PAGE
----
Emotional growth and spiritual practice appear to be strange bedfellows. One path helps us create a working sense of self, while the other exhorts us to forget the self. One encourages us to let go of afflictive emotions, while the other provides a safe place to explore the range of our emotions. One cultivates integration of the person, the other encourages transcending the veil of the personal into our true nature. One sees attachment as a human need throughout life, the other as a prime cause of suffering. In reality, however, psyche and spirit—and the principles and practices of psychotherapy and meditation—are not opposed; they complement and enrich one another.
This workshop explores how our capacity to live full, wise, and compassionate lives is enhanced by an integrative model in which spiritual and emotional growth coexist and blend with each other. How? Spiritual practice, exemplified here by Buddhist teachings and practices, helps us engage each moment of our lives with maximum aliveness, and experience for ourselves our essential nature, beyond success and failure. Personal and interpersonal emotional work in all its forms help us become whole selves. It takes a differentiated, integrated person to fully embody our no-self nature.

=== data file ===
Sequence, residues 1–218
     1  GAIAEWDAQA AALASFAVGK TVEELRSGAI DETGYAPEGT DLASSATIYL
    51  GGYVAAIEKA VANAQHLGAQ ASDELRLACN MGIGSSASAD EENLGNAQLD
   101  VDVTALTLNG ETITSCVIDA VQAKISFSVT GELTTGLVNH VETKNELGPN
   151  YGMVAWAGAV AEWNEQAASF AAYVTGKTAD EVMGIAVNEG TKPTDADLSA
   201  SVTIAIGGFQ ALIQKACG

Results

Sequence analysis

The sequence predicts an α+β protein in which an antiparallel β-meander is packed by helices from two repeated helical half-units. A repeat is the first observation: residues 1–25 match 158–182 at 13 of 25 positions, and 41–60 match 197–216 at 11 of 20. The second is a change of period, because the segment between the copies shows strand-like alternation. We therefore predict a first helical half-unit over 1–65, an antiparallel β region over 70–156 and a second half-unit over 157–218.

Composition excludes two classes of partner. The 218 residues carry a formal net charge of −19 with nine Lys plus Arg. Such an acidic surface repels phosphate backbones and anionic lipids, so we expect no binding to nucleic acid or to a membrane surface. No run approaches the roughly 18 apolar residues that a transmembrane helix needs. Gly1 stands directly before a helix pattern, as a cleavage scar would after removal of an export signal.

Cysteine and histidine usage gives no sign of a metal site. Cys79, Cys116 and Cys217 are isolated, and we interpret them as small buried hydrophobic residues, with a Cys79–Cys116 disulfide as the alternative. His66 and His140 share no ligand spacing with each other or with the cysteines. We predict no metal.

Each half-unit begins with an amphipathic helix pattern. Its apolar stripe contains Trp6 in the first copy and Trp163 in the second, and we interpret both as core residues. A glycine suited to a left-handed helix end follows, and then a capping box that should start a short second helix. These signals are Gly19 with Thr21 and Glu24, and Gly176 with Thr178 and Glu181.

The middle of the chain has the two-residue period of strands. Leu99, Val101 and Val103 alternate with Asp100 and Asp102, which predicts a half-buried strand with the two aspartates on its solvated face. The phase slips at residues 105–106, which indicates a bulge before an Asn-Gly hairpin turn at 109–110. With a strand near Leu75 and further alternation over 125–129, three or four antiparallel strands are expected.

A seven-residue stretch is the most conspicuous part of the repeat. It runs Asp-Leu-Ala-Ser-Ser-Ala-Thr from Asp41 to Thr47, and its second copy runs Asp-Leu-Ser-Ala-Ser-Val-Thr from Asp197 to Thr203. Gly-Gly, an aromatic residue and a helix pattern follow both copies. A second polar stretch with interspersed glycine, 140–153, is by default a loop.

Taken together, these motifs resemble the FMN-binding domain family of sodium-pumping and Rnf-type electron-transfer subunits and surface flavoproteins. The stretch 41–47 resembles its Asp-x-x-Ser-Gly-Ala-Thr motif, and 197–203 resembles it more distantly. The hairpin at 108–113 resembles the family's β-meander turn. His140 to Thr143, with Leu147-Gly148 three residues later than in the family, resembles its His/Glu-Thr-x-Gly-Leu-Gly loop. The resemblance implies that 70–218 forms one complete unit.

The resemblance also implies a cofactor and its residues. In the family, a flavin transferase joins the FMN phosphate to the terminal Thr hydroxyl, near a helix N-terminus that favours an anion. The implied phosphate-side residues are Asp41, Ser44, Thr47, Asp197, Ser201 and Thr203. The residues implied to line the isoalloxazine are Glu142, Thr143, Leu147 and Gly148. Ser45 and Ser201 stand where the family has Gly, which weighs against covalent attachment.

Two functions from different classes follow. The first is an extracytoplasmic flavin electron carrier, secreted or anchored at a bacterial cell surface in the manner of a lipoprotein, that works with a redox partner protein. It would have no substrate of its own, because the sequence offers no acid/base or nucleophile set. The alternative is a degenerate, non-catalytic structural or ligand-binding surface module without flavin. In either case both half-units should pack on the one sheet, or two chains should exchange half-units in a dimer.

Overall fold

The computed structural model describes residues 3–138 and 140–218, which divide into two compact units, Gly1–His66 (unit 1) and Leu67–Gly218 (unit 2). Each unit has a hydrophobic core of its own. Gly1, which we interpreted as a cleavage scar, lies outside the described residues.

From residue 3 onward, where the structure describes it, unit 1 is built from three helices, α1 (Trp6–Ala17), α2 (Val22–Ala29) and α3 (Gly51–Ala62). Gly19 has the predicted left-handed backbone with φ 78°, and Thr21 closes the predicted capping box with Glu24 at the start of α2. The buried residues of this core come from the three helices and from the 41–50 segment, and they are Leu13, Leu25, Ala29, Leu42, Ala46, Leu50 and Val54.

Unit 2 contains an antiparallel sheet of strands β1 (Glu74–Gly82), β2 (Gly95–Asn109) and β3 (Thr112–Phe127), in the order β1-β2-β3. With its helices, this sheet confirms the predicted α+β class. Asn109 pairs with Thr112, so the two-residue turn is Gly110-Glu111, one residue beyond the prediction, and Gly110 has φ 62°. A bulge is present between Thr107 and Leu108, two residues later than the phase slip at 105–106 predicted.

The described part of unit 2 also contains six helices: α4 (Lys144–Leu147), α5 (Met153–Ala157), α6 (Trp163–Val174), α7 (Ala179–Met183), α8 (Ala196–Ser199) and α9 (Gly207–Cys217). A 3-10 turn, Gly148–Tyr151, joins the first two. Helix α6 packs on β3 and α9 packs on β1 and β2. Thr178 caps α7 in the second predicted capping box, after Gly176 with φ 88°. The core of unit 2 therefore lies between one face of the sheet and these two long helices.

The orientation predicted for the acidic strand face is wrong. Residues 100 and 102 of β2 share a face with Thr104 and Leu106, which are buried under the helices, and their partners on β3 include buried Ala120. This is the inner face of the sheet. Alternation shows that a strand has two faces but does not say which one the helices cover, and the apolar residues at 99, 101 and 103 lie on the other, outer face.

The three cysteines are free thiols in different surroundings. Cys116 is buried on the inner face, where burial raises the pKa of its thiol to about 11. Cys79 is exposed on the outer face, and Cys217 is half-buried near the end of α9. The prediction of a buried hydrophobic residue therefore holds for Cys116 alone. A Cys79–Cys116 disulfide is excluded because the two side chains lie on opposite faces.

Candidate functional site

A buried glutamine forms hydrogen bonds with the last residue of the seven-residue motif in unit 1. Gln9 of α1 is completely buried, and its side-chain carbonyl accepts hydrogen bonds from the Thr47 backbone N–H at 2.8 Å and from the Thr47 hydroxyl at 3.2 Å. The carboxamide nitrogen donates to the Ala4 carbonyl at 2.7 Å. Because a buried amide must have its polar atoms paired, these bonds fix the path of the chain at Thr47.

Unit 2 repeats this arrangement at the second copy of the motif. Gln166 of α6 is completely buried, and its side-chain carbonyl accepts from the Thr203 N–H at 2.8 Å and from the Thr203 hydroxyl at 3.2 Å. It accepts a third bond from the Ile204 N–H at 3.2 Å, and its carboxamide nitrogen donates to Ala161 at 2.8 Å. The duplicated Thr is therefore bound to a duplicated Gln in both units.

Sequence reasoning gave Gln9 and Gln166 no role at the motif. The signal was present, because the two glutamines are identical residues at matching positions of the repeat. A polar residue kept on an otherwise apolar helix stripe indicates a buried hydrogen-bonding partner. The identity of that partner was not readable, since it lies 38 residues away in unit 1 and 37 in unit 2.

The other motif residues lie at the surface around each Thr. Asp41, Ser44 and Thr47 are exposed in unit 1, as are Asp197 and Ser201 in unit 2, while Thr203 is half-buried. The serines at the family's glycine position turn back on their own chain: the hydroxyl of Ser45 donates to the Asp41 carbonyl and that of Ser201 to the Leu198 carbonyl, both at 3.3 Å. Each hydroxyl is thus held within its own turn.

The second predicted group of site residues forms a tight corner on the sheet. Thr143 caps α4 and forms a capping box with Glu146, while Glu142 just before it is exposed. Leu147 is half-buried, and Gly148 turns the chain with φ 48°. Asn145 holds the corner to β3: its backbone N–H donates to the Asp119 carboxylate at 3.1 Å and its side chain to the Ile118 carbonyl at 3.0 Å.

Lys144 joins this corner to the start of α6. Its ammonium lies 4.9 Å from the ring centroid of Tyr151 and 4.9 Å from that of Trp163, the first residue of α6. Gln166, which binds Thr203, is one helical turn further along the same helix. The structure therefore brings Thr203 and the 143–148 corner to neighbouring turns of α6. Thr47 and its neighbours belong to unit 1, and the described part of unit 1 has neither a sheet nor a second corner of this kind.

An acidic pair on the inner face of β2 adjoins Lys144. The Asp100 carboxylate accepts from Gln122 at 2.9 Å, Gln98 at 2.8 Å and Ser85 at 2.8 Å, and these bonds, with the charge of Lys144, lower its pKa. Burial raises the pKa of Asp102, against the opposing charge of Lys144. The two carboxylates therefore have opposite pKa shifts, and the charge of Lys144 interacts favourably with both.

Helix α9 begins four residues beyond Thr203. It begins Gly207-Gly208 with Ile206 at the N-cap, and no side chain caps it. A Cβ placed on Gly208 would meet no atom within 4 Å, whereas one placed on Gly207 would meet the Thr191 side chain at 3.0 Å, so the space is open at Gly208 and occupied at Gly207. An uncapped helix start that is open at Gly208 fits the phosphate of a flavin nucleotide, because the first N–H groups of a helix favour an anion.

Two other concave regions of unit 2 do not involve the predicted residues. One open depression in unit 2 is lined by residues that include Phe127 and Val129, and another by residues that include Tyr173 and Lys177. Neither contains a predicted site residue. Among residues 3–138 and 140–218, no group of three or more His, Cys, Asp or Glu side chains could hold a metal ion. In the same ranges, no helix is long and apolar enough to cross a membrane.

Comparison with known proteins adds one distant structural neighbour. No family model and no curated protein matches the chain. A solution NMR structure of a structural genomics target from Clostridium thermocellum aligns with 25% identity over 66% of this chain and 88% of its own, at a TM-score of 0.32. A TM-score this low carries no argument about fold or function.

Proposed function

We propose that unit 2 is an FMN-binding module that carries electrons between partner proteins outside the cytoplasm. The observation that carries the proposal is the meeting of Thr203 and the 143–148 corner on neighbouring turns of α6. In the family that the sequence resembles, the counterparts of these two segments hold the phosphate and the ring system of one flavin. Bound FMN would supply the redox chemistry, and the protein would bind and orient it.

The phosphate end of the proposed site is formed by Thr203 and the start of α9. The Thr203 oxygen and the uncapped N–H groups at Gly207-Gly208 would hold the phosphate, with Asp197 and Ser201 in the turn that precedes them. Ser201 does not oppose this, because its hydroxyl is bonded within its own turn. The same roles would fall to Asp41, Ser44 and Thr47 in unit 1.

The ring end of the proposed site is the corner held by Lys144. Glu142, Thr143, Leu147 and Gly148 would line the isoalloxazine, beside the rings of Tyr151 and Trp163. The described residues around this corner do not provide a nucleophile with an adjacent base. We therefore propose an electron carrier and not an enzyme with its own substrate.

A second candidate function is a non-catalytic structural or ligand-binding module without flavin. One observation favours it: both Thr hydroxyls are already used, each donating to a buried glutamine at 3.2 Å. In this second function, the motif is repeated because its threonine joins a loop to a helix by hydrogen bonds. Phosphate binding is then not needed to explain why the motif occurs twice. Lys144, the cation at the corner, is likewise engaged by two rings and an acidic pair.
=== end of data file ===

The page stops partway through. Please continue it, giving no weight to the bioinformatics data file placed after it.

Through presentations, meditation practice (sitting, walking, and occasional mindful eating), experiential exercises, and discussion, this material will come to life as we make it our own. The instructor will draw specific examples from his work with returning veterans in the Coming Home Project. This workshop is designed for everyone. Mental health professionals will learn skills helpful in the transformation of emotional suffering and trauma.